It seems that a few factors in particular compound to increase the probability of adversarial communication with strangers online: a low barrier to entry (it takes very little time or money to dash off an angry reply), immediacy (most of these channels are low-latency so there's little "cooling-off" time), narrow feedback (you can't see the person you're arguing with or hear their tone of voice), and a lack of corrective sanctions from the community.

These add up to making the cost of flaming very low, and the psychological reward high. The latter is due to that immediacy plus the evolved inclination to win arguments, as demonstrated extensively by any number of (relatively) sound psychological experiments over the past century.

Arguing rationally is learned behavior and requires an investment mindset - you give up the short-term reward in favor of longer-term ones such as self-actualization ("I am the sort of person who resists the urge to flame and wins arguments on merit") and possibly more-durable reputation in certain social circles. It means doing work in online discussions, and most people treat those as entertainment and want to avoid the additional labor.

So points for you, and it's something we all ought to aspire to; but as long as people are the sort of people we'd recognize, it's going to be a minority behavior.

[1] Hell, I wrote one that touches on it myself, in the "Geographies of Cyberspace" special issue of good ol' Works and Days.

Comment They just switched from Mercator? (Score 1) 319

I'm surprised, to be honest. I attended public grammar schools quite a few years ago in Massachusetts - not in Boston, but in the vicinity - and we didn't use Mercator. Besides the obligatory globes, all the classrooms had one of the interrupted projections. I think it may have been Boggs eumorphic. Besides being somewhat less distorted, it was a good prompt for explaining projections.

I quite liked maps and globes as a kid. My mother had a really nice big desk globe with a light in it. The globe was marked politically, but when the light was on, an inner printing with physical features showed through. So you could flip it on and off and see how physical barriers influenced political boundaries and that sort of thing.

We kids had a pair of smaller globes, one of the Earth and one of the Moon. A present from my grandmother, I think - probably among the ones we spent the most time with (along with encyclopedias and the like).

Comment Re:Jumping ship before the bottom falls out. (Score 1) 200

What year would that Nobel Peace Prize have been awarded?

You're asking for more information from someone who doesn't know "noble" from "Nobel", and doesn't know "peace" from "economics"?

I'll guess BG doesn't know the difference between the Nobel Prizes proper and the SNB Prize in Economic Sciences in Memory of Alfred Nobel either, though I suppose in this context it doesn't make much difference, since his argument is just "hey, Friedman was awarded some famous prize, so I'm right, jerk!".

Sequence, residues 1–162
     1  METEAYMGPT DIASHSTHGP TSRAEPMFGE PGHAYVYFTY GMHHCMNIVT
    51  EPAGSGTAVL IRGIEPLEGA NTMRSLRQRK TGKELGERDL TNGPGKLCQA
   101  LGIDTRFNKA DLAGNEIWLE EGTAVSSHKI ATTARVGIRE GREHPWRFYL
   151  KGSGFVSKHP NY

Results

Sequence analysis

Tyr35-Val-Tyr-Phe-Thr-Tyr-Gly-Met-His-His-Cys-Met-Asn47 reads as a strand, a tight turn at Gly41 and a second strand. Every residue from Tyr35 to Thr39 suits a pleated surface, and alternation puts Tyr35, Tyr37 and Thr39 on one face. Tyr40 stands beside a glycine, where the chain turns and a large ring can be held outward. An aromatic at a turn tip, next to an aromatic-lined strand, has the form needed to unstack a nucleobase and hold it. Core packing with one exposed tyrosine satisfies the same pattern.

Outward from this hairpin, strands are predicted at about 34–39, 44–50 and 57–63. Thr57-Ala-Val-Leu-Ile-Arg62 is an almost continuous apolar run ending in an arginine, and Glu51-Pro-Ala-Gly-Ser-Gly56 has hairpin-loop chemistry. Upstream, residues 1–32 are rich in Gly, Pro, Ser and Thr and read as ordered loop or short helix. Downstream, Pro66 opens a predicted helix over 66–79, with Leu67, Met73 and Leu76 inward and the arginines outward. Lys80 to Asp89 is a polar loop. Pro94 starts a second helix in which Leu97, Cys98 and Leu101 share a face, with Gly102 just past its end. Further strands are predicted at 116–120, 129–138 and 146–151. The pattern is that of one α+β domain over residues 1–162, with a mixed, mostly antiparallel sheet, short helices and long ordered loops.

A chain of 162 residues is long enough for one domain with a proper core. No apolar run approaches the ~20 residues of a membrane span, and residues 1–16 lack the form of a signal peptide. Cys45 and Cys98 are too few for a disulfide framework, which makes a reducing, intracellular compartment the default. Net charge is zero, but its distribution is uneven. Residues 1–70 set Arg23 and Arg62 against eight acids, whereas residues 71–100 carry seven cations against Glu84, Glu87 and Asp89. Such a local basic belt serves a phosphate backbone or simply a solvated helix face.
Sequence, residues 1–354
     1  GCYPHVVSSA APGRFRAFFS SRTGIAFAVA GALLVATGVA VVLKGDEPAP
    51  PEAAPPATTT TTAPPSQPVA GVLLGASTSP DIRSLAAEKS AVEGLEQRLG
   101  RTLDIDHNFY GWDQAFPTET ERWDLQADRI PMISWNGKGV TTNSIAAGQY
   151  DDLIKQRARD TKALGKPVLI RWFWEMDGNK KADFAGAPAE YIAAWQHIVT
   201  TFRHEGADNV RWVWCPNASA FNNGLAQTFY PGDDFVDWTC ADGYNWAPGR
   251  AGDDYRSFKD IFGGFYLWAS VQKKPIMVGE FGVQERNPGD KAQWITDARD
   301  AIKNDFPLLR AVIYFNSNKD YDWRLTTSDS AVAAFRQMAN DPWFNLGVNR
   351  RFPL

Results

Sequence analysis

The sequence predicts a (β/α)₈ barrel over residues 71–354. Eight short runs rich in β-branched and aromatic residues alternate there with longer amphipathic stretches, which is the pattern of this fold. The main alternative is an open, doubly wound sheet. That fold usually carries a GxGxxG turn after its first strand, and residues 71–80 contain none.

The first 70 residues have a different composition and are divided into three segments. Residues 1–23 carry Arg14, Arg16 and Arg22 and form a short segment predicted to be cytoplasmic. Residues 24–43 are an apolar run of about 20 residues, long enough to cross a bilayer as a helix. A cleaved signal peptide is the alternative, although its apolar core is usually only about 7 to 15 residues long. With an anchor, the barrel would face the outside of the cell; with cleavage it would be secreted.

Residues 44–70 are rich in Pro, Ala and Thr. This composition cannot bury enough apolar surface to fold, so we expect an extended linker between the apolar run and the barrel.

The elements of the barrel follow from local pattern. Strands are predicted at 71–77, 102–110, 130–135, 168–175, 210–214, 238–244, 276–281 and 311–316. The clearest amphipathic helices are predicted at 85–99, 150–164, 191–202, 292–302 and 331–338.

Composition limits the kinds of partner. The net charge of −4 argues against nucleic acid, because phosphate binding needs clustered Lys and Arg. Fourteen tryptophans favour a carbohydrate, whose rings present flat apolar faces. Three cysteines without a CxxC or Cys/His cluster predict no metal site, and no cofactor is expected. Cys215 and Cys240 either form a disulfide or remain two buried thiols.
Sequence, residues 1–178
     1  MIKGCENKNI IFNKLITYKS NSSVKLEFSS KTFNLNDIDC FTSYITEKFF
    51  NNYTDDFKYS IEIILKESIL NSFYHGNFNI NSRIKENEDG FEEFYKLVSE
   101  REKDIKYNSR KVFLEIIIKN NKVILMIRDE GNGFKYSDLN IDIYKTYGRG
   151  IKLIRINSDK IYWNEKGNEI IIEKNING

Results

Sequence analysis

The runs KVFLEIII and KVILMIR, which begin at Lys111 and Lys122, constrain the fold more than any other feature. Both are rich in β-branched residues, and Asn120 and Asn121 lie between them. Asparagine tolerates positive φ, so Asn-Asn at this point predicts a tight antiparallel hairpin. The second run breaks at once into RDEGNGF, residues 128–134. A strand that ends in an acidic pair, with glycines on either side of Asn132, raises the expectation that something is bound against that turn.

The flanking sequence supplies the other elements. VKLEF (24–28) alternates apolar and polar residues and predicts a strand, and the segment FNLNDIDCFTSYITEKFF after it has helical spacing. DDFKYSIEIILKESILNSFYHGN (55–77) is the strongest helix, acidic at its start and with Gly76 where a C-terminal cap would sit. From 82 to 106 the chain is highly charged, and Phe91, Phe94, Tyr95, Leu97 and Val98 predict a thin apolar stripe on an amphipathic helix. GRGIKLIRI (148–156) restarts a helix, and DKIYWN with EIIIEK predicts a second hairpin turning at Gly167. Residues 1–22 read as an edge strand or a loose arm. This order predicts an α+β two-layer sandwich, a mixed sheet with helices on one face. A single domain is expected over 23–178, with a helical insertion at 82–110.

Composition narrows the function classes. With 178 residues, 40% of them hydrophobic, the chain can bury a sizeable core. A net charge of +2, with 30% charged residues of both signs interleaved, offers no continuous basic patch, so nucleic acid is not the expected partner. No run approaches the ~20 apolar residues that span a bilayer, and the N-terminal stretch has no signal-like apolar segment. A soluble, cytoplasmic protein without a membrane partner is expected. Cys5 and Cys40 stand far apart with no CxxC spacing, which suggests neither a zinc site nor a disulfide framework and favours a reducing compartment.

I suppose we might also note that the prize was officially awarded to Friedman "for his achievements in the fields of consumption analysis, monetary history and theory and for his demonstration of the complexity of stabilization policy", and not "based off his 1976 dissertation on price settings and behavior". Friedman wrote his dissertation in '45. I don't think he published anything new and significant in '76, and in any case the Nobel Committee doesn't give you the prize for something you just wrote the other day. There's a bit of latency. I believe Friedman's consumption-analysis work was mostly done in the '50s.

Comment Re: The end? (Score 1) 200

Yeah. Other examples:

Lehman Brothers. $680B in supposed assets (and $22B in actual capital), then bankrupt a month later.

Bear Stearns. In 2006, $350B in assets ($66B in capital), and the "Most Admired" securities firm in the US (Fortune magazine survey). In 2008, wiped out and bought by JP Morgan for a song.

WorldCom. $104B in assets when it filed for bankruptcy in 2002, after its huge accounting fraud was discovered. Though WC re-emerged from bankruptcy as MCI and was then bought by Verizon, so I suppose it's debatable whether it "folded" - it was a fairly orderly reorganization. Same can be said for e.g. Global Crossing.

Most of the other big bankruptcies in the US were similarly either bailed out, bought out, or reorganized. It's true that it's relatively rare for a company with that kind of capital to simply fall apart - someone will want to feast on that corpse.

Comment Re:I am curious if people think this is good or ba (Score 1) 164

Here, here.